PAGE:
I have posted pictures of sunsets i have seen on board my ship, and the camera was zoomed to maximum, but guess what? The view i saw with my naked eye, was the same view i captured with the camera, as well as the same view i saw with binoculars. Ie half, 3/4 and finally 9/10 of the sun below the horizon, finally no sun.

There was never any “gap” to the horizon where the “perspective lines” were nearly meeting, nor was the sun restored by looking at it through binoculars.

Very often i knew my exact hieght of eye above the water, (34M) and can easily show that there was now way a 34M wave between the sun and myself. In fact the highest wave would have been about 1M high. That on the horizon at 12 miles away, could never obscure the sun (even if it is “only” 30 miles across)

So I would love for someone to explain the OP post, and refrain from citing EnaG as definitive, or trying to use the “dime hides and elephant” trick, because the thread linked did not show any proof from the FEers at all.

Also, if you haven't heard of bronies before, that reflects poorly on your understanding of the world that surrounds you. It's practically impossible not to know about them.

philthy

Re: Refraction and the Bedford Canal
« Reply #11 on: May 03, 2018, 09:01:34 AM »
Has anyone done the Sunset Vs height experiment?
Blackpool UK has a tower 518 ft on the sea front. An online calculator shows 2-3 mins later for the sunset at the top than on the beach in front.
If so this kills FET dead

Offline Tontogary

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Re: Refraction and the Bedford Canal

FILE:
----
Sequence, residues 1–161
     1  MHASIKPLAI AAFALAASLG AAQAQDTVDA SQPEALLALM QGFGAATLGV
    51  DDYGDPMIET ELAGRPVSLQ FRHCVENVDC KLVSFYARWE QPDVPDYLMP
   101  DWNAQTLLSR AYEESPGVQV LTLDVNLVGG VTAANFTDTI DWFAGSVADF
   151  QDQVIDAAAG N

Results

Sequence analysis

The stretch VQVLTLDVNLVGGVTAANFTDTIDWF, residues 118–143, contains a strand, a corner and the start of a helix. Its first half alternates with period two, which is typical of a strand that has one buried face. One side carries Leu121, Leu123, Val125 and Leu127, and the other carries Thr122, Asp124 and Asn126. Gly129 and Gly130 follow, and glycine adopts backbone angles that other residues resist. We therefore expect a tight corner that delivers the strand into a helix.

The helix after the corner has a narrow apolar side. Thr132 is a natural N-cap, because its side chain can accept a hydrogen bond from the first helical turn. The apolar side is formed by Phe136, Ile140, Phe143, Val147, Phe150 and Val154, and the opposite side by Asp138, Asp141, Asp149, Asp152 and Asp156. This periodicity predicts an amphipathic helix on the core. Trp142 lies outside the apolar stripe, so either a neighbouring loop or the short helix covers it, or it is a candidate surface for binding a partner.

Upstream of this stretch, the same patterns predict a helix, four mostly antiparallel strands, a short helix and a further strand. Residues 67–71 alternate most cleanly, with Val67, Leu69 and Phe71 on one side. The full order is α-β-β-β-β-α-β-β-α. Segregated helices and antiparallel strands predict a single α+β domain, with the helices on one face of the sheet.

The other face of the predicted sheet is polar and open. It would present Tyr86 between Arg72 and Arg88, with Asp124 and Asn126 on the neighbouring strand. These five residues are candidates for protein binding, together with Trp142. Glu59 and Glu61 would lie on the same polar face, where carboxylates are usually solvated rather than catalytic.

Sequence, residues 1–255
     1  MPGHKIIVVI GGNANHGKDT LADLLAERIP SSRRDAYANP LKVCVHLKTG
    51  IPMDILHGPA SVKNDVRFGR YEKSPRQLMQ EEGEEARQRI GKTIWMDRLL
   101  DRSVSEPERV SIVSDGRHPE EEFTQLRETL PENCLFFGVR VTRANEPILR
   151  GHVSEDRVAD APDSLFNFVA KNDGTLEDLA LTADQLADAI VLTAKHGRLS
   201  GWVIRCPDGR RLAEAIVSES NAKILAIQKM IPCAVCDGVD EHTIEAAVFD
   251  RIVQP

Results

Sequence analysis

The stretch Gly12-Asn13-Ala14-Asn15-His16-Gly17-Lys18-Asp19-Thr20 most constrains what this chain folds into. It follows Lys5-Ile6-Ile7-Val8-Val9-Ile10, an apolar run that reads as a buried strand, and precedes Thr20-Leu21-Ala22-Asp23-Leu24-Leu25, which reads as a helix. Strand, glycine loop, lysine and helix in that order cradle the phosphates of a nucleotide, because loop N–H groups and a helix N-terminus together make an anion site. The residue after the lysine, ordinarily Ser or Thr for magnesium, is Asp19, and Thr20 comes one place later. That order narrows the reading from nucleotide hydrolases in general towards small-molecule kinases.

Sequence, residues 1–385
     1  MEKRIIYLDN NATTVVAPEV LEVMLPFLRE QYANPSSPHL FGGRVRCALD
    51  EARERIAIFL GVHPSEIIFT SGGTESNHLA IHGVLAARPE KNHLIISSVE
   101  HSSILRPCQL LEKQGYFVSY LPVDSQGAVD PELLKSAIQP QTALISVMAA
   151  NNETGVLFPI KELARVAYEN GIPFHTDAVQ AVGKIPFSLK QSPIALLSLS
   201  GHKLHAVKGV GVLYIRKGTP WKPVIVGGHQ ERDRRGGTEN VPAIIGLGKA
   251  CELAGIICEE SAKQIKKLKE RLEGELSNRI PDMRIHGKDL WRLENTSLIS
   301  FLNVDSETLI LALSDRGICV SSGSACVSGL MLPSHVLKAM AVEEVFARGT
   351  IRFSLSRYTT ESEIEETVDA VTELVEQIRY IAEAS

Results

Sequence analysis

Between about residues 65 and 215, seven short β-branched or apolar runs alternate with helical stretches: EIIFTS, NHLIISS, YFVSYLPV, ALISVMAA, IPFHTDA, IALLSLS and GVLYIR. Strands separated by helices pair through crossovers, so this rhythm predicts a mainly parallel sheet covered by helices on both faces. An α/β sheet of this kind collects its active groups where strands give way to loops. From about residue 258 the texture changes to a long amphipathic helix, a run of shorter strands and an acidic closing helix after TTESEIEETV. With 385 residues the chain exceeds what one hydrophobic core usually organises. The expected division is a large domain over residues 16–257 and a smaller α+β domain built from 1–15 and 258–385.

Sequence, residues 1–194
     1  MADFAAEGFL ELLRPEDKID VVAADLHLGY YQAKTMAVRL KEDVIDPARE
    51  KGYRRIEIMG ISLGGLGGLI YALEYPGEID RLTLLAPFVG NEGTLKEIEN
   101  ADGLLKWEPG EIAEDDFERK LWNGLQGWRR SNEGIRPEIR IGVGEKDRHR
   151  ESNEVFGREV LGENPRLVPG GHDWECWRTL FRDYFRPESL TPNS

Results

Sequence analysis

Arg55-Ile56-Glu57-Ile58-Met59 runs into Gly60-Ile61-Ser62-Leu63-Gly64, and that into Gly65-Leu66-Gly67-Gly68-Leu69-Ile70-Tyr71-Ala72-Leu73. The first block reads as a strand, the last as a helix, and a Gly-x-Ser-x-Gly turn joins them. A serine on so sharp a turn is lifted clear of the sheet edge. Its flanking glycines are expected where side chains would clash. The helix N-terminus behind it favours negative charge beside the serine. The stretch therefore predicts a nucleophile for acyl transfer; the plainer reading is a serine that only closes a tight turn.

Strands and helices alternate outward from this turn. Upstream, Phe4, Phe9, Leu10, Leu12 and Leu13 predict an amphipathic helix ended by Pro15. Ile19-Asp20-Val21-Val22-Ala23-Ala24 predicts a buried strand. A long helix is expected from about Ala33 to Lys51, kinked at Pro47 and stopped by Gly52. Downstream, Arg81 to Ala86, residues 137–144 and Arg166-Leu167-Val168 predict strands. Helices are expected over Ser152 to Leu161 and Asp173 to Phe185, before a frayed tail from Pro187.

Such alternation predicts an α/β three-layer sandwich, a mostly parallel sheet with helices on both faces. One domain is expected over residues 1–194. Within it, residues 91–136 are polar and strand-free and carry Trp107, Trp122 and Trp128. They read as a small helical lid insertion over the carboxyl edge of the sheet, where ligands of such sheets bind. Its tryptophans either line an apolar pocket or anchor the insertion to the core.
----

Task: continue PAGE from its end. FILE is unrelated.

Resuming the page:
« Reply #12 on: May 03, 2018, 11:27:58 AM »
Has anyone done the Sunset Vs height experiment?
Blackpool UK has a tower 518 ft on the sea front. An online calculator shows 2-3 mins later for the sunset at the top than on the beach in front.
If so this kills FET dead

Probably cant get to the top quick enough, BUT it would be possible to have a friend up there with a mobile phone. Would need a good clear horizon at the same time.

I am not near there so cannot help, sorry.

Also, if you haven't heard of bronies before, that reflects poorly on your understanding of the world that surrounds you. It's practically impossible not to know about them.

Offline SiDawg

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Re: Refraction and the Bedford Canal
« Reply #13 on: May 08, 2018, 12:56:34 AM »
Tom: Rowbotham does not understand perspective. This is how perspective works:

https://forum.tfes.org/index.php?topic=9513.0

So again, how does a sun set on the horizon without shrinking to a dot? You could think of the "top point" and the "bottom point" of the sun as objects that should ALSO be affected by perspective yes? Why wouldn't the distance between the top point and the bottom point decrease just like the distance between the bottom point and the horizon does?

Time to realise that Rowbotham wasn't a very smart man.
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Long range, high altitude, potentially solar powered airplanes [...] If the planes are travelling approx 15 miles about earth, that works out to around 2,200 mph, or Mach 3